electrical socket toronto power grid You can’t just expect 200 new buildings to go up in a relatively short period of time without a hitch or two along the way.

Toronto has 200 new buildings under way, a fact we often like to boast about and compare to construction activity in New York — a city with half the number of buildings under way despite it’s population being much larger (8.1 million).

What many people overlook is how Toronto’s infrastructure will handle the building boom. According to the Toronto Star, the boom is straining the city’s power system.

“Toronto Hydro says it’s scrambling to find ways to connect big, new developments to the power grid,” writes The Star’s John Spears.

“Many of them need dedicated cables to connect to the hydro grid. But the closest downtown transformer stations are often running at full capacity, which forces the utility to install long cables from more distant stations, some of them kilometers away.”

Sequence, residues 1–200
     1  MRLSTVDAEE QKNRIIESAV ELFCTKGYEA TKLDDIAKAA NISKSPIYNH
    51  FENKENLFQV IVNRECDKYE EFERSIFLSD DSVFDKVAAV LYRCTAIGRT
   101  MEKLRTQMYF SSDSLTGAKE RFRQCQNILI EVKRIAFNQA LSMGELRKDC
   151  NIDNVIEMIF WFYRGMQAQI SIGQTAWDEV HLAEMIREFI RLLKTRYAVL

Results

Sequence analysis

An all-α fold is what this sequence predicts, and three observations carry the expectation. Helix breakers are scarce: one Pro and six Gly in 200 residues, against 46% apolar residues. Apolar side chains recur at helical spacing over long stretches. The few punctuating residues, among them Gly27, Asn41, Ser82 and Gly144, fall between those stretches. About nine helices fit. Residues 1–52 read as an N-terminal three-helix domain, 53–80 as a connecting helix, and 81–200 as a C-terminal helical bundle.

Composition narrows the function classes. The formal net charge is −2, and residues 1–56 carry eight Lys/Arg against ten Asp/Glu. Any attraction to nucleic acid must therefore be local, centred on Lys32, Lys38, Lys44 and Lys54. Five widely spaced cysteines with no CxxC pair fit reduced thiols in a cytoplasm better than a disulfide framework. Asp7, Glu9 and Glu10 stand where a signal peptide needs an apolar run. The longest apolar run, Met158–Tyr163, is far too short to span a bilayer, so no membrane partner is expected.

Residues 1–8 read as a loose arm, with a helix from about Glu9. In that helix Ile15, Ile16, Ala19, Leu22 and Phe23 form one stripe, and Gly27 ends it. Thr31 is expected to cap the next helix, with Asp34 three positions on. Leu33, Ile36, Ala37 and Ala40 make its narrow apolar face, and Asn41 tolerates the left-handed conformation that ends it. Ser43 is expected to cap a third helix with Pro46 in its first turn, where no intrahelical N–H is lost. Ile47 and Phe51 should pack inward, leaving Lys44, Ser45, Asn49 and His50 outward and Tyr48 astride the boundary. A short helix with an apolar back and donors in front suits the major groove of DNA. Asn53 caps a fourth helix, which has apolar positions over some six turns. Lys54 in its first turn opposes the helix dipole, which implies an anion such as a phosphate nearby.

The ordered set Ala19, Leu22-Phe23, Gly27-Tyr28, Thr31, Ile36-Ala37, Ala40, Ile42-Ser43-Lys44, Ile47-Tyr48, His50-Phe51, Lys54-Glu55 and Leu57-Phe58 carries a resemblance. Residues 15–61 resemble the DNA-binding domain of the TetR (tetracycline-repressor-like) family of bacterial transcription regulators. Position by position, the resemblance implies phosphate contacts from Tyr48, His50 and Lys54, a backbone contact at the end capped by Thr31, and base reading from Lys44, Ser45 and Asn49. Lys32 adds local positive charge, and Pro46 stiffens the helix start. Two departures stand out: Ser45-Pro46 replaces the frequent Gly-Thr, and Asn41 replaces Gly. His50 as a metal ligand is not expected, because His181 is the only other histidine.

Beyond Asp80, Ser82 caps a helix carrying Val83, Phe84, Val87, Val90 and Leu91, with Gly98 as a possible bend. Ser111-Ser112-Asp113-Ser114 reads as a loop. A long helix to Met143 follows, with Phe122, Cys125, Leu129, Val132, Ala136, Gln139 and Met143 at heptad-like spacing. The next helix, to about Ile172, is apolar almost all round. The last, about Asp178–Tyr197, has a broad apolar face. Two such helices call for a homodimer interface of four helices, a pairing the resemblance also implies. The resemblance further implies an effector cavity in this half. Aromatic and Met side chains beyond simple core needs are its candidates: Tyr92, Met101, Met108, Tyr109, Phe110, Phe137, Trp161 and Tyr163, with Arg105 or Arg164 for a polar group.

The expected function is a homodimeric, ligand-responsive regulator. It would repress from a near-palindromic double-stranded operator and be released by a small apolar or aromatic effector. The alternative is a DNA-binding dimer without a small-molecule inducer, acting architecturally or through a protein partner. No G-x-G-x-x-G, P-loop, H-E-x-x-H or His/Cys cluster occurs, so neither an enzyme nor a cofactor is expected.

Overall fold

It’s an interesting perspective and an issue that will surely get more attention in the coming years as more and more large buildings are completed.

The Star article notes that no developments have been delayed by the lack of power connections, though it will become more difficult to find way of feeding power into the crowded core.

So where do we go from here? Toronto Hydro is prepping a new application for the Ontario Energy Board. The plan is to build a new transformer station on Bremner Street at the cost of $128 million over three years. The new station would feed developments in the downtown core, according to The Star.

It’s unclear whether the Ontario Energy Board will approve the application, but more frequent blackouts may be in the cards if a solution is not implemented in the near future.

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